See?  Interesting for me and the county recorder, but for you dear reader – dull as dishwater. 
To counteract this dullness – have a picture of a mammal what I took!  In my garden!  Sitting on a rock! By the pond! For no apparent reason!  At night! 

a hedgehog doing nervous

ded yoo hare it?

Behold the dramatisation of  conversations taking place in a ‘normal’ suburban street recently.

Mrs Thing (for it is she) “Darling, I was convinced that I heard a Cuckoo Cuculus canorus canorus in Mousehold Heath the other morning.  This pleased me, but my thoughts quickly turned to you.   Bearing in mind that in the many years you have lived around here and the many hours you have spent observing wildlife in this Heath area, you have not heard or seen a Cuckoo and do not have it on your garden list or for that matter your silly Norwich list nevermind your woeful year list; do you think it likely that I am correct in my identification?  For the Cuckoo does have quite a distinctive call does it not my dear?”

Thing (for it is he) “Dearest, it is true that this species of bird is not on the two lists of mine that you mention but this does not preclude the species occurring in the environ.  For your information, in the classified section of the Norfolk Bird Report between 1966 and 1987 there is hardly a mention of the Cuckoo (disregarding the spurious record of 300 on Acle New Road in 1983 that was subsequently withdrawn) and in the latest edition (2009) the entry is more substantial but it doesn’t specifically mention Mousehold Heath.  Furthermore, in the Norfolk Bird Atlas (Kelly, 1986) the Cuckoo is widespread throughout the county in non-urban areas during migration but breeding is much more localised but looking at the map, it would not rule out the chance encounter in Mousehold.  Unfortunately I cannot cross-reference with the latest Norfolk bird atlas because it is, although excellent, really ruddy expensive.  In conclusion, your record of the Common Cuckoo Cuculus canorus canorus, although quite exceptional, is not impossible.  Of course, as I didn’t hear it I cannot vouch for the authenticity of the record, but admit that not much else sounds like a Cuckoo and you have been well-trained.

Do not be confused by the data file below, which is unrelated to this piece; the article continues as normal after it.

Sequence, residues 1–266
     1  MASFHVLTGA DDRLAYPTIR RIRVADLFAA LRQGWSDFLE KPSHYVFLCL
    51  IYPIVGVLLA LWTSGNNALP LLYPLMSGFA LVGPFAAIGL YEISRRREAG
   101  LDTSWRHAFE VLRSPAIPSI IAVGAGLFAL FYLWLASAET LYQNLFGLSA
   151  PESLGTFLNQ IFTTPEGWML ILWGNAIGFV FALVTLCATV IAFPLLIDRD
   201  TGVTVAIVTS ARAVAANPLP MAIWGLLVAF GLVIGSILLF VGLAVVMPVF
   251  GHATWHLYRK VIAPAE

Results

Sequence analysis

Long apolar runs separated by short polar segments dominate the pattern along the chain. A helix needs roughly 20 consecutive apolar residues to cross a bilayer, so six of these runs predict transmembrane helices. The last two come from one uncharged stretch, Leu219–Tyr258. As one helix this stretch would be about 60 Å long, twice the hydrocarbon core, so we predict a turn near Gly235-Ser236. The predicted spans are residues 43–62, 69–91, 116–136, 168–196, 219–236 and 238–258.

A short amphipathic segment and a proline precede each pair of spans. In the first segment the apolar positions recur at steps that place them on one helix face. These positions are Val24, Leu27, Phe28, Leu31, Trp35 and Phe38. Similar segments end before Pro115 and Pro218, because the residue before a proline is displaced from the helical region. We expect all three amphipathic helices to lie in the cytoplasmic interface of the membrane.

Mrs Thing “How wonderful.  In that case my dear, I maintain that I heard said species and will speak of it no more.  Before I finish though, I believe that in these circumstances (a garden mega I think you would call it) it is obligatory for me to swear loudly and say ‘get in’.”

Thing “Indeed.  Harrumph”

Days pass.  The mega is not mentioned again.  Mrs Thing visits a neighbour, an elderly local woman who is not unused to the country and it’s ways and knows some things about this and that.  The conversation moves away from a discussion on the mores of the local bandits, to natural history.

Brenda (the elderly local woman) “Wun lump orr too moi woomun?”